Google Play Needs Better Age Rating System to Protect Children

Wired has found and reported 36 games on Google Play that are rated as suitable for children despite objectionable content. These games feature violence, social casino gaming, and vaguely disturbing imagery like removing a panda’s bad tooth, with pandas, of course, responsible for general child-friendliness.

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This is not to say that there is anything inherently wrong with shooting hordes of zombies in the face (on a second thought though…). Simulated gambling and sexual content are also part of many reputable titles. The problem is that Google Play fails to rate too many of its games appropriately.

Mad Max Zombies, for example, received a PEGI 3 rating which is hardly consistent with the zombie-killing nature of the title.

How come Google rates games with mature content as appropriate for children?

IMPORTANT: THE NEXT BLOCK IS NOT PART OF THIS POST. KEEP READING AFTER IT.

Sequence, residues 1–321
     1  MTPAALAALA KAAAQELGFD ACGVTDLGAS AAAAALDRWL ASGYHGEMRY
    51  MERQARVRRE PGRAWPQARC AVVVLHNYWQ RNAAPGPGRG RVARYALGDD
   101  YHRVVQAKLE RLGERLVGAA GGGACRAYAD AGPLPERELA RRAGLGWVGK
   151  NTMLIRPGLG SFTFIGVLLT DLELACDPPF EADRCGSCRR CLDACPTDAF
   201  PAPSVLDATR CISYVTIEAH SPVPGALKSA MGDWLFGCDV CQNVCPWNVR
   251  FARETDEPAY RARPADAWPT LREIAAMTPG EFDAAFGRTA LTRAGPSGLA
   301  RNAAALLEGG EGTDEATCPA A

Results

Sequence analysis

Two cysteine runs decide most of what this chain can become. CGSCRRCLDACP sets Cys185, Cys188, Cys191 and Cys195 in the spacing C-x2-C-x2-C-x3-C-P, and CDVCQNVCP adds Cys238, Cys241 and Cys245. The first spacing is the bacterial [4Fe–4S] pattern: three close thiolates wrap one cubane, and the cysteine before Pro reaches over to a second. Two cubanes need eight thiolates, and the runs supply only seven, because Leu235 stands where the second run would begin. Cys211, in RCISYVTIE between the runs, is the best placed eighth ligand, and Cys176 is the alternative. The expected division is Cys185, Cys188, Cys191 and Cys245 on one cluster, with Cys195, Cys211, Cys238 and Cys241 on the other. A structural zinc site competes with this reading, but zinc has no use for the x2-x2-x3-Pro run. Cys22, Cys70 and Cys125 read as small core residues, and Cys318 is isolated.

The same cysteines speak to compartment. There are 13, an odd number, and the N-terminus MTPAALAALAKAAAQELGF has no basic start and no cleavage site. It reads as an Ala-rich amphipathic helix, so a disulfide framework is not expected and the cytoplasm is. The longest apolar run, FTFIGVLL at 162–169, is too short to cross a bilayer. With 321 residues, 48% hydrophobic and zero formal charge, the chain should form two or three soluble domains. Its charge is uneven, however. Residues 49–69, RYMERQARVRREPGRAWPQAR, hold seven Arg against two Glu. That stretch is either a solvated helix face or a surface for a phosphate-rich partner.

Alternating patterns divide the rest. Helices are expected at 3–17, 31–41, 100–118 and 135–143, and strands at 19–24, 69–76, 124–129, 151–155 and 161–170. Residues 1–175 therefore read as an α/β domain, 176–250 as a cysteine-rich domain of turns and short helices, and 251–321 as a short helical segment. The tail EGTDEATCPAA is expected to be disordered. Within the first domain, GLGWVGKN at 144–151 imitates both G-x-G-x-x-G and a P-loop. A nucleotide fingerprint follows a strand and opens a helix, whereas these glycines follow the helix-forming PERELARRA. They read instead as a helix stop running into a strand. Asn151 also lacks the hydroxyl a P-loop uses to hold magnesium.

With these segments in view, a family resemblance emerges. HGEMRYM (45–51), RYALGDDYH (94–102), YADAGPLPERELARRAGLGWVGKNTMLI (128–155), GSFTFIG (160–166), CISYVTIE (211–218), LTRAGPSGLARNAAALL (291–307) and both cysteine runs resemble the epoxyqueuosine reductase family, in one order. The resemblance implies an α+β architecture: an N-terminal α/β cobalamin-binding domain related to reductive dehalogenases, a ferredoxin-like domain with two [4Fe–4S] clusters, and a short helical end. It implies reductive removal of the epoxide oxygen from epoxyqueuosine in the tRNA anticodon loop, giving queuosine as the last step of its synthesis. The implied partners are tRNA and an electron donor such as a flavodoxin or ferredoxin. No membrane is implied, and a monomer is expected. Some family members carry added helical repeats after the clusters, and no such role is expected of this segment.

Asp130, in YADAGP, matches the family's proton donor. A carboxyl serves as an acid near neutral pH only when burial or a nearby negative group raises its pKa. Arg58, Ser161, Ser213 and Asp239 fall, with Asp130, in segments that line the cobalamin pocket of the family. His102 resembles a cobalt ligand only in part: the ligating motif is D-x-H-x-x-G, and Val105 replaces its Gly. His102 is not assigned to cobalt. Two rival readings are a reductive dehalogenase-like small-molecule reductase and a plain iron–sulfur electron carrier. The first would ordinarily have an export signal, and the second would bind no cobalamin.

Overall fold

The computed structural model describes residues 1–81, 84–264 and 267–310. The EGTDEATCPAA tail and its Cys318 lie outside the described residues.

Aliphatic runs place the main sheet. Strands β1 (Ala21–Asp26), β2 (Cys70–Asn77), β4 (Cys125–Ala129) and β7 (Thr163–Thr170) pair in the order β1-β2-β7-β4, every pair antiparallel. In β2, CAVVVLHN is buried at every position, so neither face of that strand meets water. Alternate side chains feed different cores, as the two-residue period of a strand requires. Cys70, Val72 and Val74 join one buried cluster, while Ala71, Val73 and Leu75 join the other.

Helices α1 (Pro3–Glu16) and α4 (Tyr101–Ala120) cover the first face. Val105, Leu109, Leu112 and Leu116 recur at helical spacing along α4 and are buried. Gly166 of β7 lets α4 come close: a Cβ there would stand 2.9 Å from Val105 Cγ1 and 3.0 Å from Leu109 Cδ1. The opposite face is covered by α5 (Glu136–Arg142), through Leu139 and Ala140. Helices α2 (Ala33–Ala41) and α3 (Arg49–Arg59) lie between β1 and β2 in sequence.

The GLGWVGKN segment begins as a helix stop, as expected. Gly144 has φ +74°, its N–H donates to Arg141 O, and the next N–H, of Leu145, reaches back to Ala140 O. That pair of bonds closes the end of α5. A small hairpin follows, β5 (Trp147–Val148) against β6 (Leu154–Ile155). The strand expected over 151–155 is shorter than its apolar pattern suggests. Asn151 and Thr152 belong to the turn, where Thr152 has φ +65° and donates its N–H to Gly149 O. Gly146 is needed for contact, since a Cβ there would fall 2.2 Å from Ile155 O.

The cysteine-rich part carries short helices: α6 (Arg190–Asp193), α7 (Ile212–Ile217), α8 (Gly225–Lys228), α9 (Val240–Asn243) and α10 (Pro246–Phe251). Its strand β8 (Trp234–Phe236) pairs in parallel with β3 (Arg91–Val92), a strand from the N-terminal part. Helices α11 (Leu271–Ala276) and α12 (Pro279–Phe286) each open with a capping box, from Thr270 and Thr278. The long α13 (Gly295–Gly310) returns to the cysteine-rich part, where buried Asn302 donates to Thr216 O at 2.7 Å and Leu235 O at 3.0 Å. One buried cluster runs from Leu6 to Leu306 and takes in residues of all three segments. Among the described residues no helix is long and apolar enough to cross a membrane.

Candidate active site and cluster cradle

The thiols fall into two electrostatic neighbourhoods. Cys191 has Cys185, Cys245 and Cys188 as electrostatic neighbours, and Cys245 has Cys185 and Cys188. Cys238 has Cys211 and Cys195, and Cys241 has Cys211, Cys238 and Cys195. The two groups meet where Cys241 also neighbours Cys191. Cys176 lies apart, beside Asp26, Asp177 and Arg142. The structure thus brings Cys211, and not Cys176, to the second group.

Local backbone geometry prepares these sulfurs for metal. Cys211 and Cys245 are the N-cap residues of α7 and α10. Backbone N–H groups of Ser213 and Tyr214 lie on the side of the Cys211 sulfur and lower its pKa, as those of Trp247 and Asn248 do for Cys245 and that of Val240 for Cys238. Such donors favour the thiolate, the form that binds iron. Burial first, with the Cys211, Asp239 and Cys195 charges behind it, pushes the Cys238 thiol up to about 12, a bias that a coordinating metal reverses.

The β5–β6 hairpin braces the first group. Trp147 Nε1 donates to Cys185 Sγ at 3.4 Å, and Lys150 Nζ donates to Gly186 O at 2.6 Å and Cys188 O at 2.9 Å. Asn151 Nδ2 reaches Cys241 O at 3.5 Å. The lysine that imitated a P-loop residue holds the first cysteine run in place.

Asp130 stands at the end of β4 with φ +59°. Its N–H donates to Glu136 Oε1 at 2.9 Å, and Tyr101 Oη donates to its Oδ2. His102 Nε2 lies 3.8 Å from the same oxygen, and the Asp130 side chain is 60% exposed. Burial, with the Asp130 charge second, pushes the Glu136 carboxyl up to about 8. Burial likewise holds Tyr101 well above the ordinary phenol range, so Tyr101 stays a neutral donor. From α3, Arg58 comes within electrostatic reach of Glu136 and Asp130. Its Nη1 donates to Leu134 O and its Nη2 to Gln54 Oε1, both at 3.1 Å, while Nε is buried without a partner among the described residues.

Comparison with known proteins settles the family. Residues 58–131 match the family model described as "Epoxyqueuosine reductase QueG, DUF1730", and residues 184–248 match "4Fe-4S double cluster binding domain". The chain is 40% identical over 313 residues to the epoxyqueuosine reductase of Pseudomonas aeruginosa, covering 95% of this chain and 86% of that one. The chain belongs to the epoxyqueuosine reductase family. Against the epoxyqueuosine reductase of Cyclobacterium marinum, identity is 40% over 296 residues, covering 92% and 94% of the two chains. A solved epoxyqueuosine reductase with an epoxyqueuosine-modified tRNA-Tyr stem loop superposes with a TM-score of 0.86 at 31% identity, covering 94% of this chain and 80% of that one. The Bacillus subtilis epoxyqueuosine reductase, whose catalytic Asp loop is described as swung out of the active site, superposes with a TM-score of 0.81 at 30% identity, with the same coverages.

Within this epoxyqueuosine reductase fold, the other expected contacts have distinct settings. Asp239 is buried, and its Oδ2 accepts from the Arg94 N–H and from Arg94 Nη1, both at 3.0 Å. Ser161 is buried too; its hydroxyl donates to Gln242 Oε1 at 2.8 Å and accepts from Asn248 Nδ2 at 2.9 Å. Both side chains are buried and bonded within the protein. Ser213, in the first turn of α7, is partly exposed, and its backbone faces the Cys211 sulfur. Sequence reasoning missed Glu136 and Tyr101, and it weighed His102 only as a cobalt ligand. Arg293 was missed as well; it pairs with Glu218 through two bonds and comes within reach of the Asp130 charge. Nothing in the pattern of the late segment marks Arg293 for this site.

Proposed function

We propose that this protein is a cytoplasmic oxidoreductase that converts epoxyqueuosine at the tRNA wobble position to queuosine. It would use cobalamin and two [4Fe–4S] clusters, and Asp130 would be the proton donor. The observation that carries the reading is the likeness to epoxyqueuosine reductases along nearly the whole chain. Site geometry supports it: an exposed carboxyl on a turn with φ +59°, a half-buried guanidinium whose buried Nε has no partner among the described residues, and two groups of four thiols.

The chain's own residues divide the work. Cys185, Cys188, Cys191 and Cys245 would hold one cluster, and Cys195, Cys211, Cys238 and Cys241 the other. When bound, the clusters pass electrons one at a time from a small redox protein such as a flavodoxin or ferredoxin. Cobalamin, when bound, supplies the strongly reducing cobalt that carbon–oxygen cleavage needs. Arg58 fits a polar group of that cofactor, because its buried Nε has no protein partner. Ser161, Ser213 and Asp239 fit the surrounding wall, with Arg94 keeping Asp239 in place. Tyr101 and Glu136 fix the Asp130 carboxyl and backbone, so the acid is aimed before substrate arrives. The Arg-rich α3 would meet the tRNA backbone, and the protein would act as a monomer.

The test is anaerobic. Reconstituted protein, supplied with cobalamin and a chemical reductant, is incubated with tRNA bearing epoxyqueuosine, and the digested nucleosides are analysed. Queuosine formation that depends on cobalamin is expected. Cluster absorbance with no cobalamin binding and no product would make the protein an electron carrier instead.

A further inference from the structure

In Europe, PEGI age rating system helps consumers, parents in particular, decide whether or not to buy a particular product for a child. However, with digital-only releases, Google struggles to manually verify each of the thousands of games submitted daily. Instead, it relies on an automated questionnaire that developers have to fill out in good faith.

“Given the high volume of published games and apps, participating rating authorities are not able to monitor every single release.”

Age Rating Coalition spokesperson

With little to zero oversight, it is up to developers to determine which rating their game will receive. The lower the rating, the bigger the number of downloads, the higher the revenue. And this is difficult not to take advantage of.

Another pitfall is the inadequacy of PEGI criteria when it comes to less explicit content such as cosmetic surgery simulators.

Is it a universal problem?

Google Play is not the only store that has developers fill out questionnaires. But Apple follows it up with a strict approval process taking a day or two. Nintendo also manually reviews all titles before admitting them to eShop.

What’s the bottom line?

The silver lining is that Google and PEGI have removed or re-rated some of the titles that Wired mentions. Mad Max Zombies has resurfaced on Google Play as Mad War Zombies with a PEGI 12 rating. But while PEGI is fine-tuning its criteria, parents should embrace the ultimate responsibility for the kind of games their children play.

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